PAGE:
Marketing & Sales – identifying customer needs

Service – support of customers after the sale

Figure 1 – Generic Value Chain

Porter believes that manipulating the value chain is an important technique in achieving and maintaining a competitive advantage. He points out that the value chain can be affected by either reducing the cost of any of the activities or by better differentiation that allows a difference in price.

Essentially, in this model an action or strategy adds value if it reduces the cost of one of the primary activites in the value chain or if it increases the value of a quality that leads to increased differentiation. An action that improves productivity, for example adopting a product line approach, reduces the cost of the operations activity. Creating an inventory of reusable features that allow the rapid assembly and deployment of customized products adds value to the chain by differentiating the company from others using more traditional forms of development.

Organizations use the model by mapping their actions into the buckets formed by the value chain activities and then focusing on reducing the costs of those activities. Porter listed several drivers of cost and of uniqueness (differentiation) that can be used to identify the appropriate actions. I have listed them in Figure 2 and will incorporate some of them in the discussion in the next section. Note that several of these items are the drivers for adopting a software product line strategy.


Cost drivers

Uniqueness drivers

Economies of scale

Policies and decisions


Linkages among activities

Capacity utilization


Linkages among activities




Degree of vertical integration


Timing of market entry


Firm's cost policy


Geographic location

Institutional factors

Institutional factors


Figure 2 - Drivers


The value chain for a software product line organization takes advantage of several of the cost drivers in Porter's value chain model and some of the differentiation drivers. First I will relate the fundamental value chain activities to some of the practice areas defined by the Software Engineering Institute [Clements 02] for a software product line and then I will describe how they maximize value. (An updated description of these practices can be found at ) I am using practices rather than processes because a practice definition fits the breadth of each topic better than a specific process, as pointed out recently in this journal [Jacobson 07].


Value Chain Primary Activities

Product Line Practice Areas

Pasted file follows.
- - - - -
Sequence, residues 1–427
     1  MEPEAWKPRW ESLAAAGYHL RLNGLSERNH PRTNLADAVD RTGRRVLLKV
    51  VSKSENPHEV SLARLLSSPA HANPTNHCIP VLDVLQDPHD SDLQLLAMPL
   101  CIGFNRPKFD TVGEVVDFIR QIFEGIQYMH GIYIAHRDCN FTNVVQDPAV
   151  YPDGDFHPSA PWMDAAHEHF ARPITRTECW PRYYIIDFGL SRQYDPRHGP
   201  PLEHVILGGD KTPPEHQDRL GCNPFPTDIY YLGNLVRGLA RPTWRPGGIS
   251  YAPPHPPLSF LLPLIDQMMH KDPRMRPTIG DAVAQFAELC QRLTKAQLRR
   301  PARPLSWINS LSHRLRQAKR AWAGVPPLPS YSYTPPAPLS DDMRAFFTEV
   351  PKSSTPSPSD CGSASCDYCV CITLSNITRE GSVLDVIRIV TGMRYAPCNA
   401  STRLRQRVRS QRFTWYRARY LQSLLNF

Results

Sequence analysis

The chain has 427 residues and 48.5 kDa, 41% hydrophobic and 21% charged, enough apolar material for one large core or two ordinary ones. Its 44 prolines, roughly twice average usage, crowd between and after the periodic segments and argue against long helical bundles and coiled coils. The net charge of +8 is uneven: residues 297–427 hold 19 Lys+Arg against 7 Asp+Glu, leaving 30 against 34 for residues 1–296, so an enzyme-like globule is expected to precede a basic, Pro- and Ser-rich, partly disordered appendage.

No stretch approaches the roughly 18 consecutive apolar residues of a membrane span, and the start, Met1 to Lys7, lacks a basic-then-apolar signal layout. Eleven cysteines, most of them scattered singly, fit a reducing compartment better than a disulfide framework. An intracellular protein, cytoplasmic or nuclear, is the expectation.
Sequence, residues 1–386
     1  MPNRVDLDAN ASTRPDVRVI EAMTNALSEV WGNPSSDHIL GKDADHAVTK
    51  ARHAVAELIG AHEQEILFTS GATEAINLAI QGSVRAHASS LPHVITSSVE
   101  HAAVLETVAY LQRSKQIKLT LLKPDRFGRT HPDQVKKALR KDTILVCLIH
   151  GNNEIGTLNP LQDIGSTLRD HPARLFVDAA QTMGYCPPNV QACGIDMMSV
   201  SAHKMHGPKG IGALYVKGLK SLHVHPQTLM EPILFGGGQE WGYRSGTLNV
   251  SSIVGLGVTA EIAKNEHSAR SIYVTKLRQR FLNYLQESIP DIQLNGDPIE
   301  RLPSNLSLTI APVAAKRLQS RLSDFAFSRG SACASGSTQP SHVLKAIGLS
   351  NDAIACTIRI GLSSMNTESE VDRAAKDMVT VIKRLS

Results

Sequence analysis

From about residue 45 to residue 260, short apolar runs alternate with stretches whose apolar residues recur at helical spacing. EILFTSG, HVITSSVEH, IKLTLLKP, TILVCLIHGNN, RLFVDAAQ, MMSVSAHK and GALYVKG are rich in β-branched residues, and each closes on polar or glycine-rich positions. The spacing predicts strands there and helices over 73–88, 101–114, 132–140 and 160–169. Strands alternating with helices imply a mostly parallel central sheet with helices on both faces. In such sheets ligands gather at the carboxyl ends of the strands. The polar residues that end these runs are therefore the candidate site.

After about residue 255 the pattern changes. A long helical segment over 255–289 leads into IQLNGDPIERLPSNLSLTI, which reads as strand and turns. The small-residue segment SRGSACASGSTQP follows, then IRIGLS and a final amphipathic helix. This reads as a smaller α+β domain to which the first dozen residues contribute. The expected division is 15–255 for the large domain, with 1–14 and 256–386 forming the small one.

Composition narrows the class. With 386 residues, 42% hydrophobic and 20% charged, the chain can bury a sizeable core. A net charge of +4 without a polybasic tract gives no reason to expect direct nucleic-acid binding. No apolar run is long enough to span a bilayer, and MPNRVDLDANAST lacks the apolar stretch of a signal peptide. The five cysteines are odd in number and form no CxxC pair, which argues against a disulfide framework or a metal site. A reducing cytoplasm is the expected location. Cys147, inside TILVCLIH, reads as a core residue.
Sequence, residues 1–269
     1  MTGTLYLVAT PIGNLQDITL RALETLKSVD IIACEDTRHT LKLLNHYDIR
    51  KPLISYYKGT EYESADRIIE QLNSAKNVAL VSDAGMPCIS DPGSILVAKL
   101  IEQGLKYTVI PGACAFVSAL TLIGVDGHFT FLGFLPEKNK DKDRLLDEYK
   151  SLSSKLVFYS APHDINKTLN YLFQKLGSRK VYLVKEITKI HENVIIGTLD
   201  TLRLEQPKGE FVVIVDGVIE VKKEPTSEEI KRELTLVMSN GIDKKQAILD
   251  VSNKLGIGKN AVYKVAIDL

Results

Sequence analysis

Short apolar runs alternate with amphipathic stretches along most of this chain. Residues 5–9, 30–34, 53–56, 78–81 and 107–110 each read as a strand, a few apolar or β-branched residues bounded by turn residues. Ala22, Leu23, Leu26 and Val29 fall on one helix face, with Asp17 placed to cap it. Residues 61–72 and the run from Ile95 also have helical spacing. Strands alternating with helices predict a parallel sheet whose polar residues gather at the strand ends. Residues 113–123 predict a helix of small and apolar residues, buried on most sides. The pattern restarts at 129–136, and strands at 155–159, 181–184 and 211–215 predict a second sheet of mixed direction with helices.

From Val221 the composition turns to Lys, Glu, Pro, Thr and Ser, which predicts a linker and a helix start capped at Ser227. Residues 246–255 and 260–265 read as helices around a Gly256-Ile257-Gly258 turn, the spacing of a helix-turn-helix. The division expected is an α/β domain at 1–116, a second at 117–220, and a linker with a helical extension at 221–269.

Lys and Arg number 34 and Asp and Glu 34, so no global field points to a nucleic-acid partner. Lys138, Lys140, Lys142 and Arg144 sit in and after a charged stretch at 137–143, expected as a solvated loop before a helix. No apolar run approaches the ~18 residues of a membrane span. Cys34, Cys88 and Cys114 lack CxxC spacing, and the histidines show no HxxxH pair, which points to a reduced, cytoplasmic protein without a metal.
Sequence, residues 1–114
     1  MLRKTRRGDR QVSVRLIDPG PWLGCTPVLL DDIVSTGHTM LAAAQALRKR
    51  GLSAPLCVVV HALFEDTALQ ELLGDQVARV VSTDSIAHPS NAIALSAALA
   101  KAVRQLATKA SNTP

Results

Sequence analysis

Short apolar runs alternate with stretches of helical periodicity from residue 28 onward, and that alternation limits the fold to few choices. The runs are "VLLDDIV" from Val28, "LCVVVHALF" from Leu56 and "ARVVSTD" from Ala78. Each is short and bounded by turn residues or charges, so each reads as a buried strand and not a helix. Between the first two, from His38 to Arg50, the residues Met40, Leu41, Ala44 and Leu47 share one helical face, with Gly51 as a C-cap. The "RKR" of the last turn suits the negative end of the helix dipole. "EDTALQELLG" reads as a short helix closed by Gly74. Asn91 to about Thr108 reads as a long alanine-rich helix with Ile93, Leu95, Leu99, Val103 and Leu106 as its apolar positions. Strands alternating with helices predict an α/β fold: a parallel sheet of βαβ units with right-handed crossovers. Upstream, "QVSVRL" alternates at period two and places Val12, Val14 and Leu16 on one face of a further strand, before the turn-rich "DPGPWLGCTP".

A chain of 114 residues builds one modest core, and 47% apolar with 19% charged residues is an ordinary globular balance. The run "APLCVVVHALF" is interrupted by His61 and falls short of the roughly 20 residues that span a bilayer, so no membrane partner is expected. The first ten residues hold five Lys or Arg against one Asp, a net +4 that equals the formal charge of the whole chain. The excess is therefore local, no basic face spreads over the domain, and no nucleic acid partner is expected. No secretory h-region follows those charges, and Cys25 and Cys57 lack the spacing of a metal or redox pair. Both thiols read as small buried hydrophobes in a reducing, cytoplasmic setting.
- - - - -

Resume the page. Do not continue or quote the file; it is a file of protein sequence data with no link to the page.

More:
Inbound logistics

Requirements Engineering

Architecture Definition/Evaluation

Make/Buy/Mine/Commission Analysis

Developing an Acquisition Strategy

Using Externally Available Software

Component Development



Requirements Engineering

Architecture Definition/Evaluation

Component Development


Software System Integration

Outbound Logistics

Configuration Management

Marketing & Sales

Marketing Analysis

Requirements Engineering

Understanding Relevant Domains


Customer Interface Management


Figure 3 - Primary Activities and Practice Areas

In a software product line organization, the Inbound Logistics activity mainly addresses core asset development. The core assets represent the raw materials from which products are constructed. This activity cuts across the practices included in the Product Parts product line pattern described in [Clements 02] and listed opposite the Inbound Logistics cell in Figure 3.

A product line organization creates assets with sufficient variation ability built-in to make the assets usable over a range of products. This is done by analyzing the commonalities and variabilities among the products described by the requirements. An architecture is defined that spans the variations. The organization then analyzes how best to populate the architecture which usually results in a blend of development and acquisition of software assets. These assets are tested individually, assembled, and their integration is tested.

An attached process is created for each asset that describes how to use the asset in building a product. Think of these as small user's manuals for the assets. For examples of attached processes see the cheatsheet concept in Eclipse or the Guidance concept used in the Software Factory approach of Microsoft.

The Inbound Logistics is the activity in which a product line organization addresses the Economies of Scale cost driver. Using the assets in multiple products results in reduced cost of operations and those costs are amortized over a set of products instead of just one. The attached processes further reduce cost by reducing the time needed for a product builder to understand how to reuse an asset.